For Mexican-Americans and others trying to get ahead, education had been the stairway to the middle class. Education meant security and basics such as health insurance. This heaven meant better jobs and a small house for old age.
But now this stairway has fallen into disrepair. One rung after another has been destroyed.
The first rung was financial assistance. Many Latino students and poor blacks and whites could afford college only through grants and subsidies. But over the last two decades, colleges have diluted financial aid while shrinking funding.
The second rung was inexpensive tuition, which is now a thing of the past. At the California state universities, tuition will rise to more than $10,000 a year, which will put education out of the reach of students from barrio schools. Putting this in perspective, I paid about $10 a year when I attended a California state university in the late 1950s, and in 1969 fees amounted to about $50 a semester.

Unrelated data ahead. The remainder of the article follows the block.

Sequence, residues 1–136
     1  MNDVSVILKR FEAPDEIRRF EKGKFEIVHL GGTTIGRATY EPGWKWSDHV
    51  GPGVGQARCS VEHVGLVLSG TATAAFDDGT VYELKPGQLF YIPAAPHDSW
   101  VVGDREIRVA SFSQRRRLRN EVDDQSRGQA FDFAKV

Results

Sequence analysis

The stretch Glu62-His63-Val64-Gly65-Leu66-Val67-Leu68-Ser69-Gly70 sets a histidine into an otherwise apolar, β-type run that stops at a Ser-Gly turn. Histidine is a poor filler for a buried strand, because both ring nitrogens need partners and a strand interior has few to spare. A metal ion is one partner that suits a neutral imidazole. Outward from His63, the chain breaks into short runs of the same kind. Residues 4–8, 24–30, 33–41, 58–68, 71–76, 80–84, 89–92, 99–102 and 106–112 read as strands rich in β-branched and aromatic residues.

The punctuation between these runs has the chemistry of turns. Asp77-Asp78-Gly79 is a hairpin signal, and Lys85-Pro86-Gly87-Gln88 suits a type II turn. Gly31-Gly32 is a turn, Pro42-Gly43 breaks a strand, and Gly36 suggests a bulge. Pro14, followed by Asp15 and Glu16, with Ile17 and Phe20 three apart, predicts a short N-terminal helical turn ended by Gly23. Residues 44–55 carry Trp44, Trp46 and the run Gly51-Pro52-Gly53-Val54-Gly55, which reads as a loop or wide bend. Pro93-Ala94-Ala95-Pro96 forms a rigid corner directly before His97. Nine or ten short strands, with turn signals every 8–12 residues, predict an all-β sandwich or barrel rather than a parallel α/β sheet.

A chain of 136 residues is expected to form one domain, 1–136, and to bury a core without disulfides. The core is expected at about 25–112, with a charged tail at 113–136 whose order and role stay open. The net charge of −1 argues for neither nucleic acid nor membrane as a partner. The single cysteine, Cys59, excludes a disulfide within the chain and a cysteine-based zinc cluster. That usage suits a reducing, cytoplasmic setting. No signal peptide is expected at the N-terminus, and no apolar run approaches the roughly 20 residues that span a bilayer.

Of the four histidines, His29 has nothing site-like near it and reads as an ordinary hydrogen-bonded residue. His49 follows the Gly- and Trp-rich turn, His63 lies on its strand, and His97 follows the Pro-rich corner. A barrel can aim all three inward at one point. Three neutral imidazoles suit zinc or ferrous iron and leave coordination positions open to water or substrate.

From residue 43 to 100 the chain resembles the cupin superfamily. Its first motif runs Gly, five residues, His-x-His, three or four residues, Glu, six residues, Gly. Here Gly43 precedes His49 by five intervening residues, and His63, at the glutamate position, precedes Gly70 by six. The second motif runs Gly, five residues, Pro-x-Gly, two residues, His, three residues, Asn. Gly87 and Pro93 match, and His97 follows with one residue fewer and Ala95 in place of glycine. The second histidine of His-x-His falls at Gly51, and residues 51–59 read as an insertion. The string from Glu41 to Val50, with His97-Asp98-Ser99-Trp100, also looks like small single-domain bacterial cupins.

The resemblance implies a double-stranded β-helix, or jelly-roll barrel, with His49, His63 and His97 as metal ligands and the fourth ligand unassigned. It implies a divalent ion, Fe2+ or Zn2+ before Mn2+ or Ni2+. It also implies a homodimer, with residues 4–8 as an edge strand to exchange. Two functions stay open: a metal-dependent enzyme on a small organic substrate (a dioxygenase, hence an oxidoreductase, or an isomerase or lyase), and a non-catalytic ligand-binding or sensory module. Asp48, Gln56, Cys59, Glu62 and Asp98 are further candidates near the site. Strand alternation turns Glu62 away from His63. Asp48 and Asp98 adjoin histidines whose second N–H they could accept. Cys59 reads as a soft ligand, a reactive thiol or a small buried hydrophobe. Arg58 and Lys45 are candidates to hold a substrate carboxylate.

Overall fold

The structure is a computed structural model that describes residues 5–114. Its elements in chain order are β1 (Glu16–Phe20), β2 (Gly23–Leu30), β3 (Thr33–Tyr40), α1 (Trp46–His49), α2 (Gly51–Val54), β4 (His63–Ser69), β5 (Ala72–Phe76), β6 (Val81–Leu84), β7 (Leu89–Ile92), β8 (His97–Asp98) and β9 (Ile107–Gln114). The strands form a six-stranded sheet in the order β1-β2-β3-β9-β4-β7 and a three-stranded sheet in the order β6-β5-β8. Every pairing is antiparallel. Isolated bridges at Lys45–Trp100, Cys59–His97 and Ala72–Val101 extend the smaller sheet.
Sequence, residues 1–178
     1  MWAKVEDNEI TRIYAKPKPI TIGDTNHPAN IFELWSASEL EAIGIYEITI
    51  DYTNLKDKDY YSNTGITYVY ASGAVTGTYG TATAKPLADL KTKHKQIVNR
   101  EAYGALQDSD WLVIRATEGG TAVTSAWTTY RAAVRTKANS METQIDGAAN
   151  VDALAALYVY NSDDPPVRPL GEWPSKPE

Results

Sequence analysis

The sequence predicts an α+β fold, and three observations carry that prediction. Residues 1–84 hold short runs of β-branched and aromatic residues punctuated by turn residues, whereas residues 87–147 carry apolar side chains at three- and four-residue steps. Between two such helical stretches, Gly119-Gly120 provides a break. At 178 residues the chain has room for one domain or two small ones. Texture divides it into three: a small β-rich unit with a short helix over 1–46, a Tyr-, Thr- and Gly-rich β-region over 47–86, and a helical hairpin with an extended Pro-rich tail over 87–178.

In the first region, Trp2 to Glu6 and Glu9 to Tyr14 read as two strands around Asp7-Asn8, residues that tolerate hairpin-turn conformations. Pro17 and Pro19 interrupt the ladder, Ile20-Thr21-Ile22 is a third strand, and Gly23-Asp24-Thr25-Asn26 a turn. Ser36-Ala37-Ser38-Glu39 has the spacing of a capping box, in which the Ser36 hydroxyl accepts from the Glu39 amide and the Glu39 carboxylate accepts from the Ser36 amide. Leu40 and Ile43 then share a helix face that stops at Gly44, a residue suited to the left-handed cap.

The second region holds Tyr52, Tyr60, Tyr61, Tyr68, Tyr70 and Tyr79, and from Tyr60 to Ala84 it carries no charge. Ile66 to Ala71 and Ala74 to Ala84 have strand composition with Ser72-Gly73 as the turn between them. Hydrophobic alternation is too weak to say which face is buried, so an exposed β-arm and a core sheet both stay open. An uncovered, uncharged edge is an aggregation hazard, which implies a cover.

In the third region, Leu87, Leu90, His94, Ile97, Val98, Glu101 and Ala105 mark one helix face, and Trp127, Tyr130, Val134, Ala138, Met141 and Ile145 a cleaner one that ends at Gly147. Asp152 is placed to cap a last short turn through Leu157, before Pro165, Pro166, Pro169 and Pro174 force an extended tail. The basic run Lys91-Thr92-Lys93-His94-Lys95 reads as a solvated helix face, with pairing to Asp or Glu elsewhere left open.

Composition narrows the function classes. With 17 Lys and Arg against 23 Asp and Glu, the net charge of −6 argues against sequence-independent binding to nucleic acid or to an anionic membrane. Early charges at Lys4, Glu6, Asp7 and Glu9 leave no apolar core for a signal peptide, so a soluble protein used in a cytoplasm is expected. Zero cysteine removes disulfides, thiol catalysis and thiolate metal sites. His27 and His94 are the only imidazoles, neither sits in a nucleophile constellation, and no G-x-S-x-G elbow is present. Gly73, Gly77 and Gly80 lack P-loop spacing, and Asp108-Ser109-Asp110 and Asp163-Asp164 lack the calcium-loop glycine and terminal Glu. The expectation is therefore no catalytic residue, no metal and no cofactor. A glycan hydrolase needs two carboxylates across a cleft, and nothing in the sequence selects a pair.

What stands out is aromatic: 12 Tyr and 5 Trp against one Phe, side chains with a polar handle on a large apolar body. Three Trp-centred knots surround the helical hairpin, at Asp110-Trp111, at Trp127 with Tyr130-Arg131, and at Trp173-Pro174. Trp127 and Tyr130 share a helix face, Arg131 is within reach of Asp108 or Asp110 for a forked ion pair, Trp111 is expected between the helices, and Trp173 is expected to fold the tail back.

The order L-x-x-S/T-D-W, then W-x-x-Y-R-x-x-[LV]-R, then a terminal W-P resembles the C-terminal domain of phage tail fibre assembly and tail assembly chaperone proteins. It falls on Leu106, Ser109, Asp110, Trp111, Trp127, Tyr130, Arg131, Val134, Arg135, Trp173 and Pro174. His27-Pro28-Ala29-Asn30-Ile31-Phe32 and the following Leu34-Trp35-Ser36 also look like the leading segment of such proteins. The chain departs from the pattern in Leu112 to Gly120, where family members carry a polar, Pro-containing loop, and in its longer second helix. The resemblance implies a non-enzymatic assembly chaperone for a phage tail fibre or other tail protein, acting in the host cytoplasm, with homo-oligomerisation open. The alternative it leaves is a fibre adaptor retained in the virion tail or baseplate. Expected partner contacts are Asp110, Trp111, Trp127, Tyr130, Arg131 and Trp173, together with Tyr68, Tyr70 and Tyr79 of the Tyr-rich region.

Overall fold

Among 16 developed nations, the United States ranks 13th in affordability.
Repairing this stairway should be our first priority. Education is a basic right, and we who are active with youth know the consequences of having a population that is not able to educate itself.
Latinos and others need to come together to establish a nonprofit university that would keep the costs under $1,000 a year. We have the human resources to do this, with all the retired teachers and professors who would be more than willing to lend their talents to such an endeavor. We can utilize the Internet. And we can make use of public places, like parks and community centers, where we can hold classes.
It is simply unacceptable that so many Mexican-Americans and other young people can’t afford to go to college. Since our public colleges won’t address this problem, we’ll have to do it ourselves.
Rodolfo F. Acuna is a professor at Cal State Northridge. He can be reached at firstname.lastname@example.org.
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